Google Chairman and former chief executive Eric Schmidt seems perplexed by some of Apple’s recent decisions, like the patent lawsuits against Android partners, and Apple’s sudden removal of Google’s YouTube app from iOS devices.
Perhaps most frightening of all, Schmidt said he expects the recent spat of patent litigation between Apple and Android makers to continue for a while. He made the comments in an interview with the Wall Street Journal.
When asked if Apple and Google are working on a patent settlement, Schmidt noted, “It’s extremely curious that Apple has chosen to sue Google’s partners and not Google itself.”
Indeed, Apple’s litigation against Samsung, HTC, and others has often hinged on features that are core to Android. It never really made much sense that Apple targeted Android makers rather than Google.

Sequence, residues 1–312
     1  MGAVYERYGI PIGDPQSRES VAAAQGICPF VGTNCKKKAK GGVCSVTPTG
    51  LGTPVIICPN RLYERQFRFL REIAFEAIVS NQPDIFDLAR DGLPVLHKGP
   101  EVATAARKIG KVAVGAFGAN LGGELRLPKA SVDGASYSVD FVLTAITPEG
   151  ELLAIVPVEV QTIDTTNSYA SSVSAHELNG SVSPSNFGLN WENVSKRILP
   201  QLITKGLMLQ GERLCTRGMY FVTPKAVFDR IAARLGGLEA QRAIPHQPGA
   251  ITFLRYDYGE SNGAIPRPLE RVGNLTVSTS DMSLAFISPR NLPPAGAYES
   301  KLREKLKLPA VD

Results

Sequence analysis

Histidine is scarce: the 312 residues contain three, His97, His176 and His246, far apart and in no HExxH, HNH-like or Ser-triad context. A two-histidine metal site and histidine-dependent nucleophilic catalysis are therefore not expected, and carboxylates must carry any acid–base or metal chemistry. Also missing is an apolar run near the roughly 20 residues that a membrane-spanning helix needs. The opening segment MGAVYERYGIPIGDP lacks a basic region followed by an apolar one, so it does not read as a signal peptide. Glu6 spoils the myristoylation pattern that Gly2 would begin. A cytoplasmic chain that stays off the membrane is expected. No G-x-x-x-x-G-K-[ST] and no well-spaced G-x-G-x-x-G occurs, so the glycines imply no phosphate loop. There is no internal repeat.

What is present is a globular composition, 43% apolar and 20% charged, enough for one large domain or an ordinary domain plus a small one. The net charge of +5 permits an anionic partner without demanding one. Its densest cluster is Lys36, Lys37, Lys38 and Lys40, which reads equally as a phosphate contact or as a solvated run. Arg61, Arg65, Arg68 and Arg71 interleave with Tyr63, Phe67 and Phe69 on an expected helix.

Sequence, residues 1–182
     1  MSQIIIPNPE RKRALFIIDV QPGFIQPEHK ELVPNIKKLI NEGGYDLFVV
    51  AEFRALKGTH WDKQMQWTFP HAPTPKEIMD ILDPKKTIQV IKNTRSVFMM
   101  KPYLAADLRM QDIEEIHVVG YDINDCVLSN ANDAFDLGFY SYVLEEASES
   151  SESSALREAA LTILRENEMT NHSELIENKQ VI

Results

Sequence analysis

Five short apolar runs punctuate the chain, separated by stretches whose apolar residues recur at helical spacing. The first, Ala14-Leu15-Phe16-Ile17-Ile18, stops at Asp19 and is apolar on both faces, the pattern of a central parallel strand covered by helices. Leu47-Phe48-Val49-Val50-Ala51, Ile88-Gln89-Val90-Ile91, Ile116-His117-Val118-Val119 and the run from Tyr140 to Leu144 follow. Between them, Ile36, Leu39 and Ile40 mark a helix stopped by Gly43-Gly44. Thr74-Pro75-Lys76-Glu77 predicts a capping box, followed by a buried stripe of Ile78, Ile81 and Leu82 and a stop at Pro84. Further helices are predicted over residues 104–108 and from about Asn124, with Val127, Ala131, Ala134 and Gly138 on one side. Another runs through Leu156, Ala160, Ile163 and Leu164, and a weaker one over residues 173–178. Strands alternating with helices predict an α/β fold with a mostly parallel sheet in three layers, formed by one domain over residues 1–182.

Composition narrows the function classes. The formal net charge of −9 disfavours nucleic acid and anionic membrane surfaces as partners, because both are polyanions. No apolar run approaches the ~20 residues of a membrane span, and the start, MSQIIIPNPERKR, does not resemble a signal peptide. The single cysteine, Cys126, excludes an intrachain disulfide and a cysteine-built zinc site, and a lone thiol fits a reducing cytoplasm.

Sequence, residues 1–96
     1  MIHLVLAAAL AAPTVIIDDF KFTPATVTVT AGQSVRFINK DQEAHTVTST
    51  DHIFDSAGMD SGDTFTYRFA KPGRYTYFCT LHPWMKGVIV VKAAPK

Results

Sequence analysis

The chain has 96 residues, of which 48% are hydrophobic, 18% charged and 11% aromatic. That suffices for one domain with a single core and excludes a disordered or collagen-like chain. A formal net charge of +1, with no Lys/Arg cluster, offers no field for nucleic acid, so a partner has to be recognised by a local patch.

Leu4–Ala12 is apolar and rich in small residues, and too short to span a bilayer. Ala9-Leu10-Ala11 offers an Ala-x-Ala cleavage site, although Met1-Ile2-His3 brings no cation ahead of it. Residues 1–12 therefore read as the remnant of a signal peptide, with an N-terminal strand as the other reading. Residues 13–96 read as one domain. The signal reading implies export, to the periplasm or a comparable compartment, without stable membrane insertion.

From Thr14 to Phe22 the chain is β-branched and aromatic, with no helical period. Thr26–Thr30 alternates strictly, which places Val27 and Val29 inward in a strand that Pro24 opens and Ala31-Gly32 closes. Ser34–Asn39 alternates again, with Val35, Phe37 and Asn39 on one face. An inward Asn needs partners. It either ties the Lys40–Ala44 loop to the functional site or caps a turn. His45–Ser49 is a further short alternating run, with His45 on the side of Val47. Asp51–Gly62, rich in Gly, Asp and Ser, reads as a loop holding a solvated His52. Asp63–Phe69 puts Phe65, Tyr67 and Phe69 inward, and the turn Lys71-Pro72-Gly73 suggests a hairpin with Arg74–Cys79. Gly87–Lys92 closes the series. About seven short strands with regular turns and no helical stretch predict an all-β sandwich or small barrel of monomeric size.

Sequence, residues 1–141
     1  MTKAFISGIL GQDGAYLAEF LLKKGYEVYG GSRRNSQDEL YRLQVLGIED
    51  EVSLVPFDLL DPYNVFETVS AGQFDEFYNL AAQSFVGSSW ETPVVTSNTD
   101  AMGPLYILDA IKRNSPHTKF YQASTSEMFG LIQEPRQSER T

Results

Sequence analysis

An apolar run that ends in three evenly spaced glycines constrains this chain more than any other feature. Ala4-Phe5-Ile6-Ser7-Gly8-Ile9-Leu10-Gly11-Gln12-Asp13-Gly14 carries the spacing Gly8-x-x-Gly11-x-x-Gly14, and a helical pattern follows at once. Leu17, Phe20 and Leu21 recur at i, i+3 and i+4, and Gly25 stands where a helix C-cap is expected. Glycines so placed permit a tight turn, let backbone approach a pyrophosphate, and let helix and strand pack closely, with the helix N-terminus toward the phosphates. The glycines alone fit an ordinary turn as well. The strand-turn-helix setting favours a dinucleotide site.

Schmidt pointed out that the biggest losers from all of this litigation are future innovators:
There’s a young [Android co-founder] Andy Rubin trying to form a new version of Danger [the smartphone company Mr. Rubin co-founded before Android]. How is he or she going to be able to get the patent coverage necessary to offer version one of their product? That’s the real consequence of this.
He was also “not quite sure” why Apple decided to drop YouTube iOS app, which was included with the iPhone from the beginning. (That move likely worked out in Google’s favor though, as it was able to provide its own YouTube app that offered more content and supported advertising.) Schmidt notes he “would have preferred” if had Apple continued using Google Maps, but he didn’t seem too surprised by Apple’s choice to go with its own map application.
When asked about Windows Phone 8, Schmidt admitted he hasn’t tried it out yet, but he added that Microsoft “has not emerged as a trendsetter” in the modern smartphone arena. (Tell us something we don’t know, Eric.)
Photo: Devindra Hardawar/VentureBeat
More: MobileBeat 2016 is focused on the paradigm shift from apps to AI, messaging, and chatbots. Don't miss this opportunity: July 12 and 13 in San Francisco.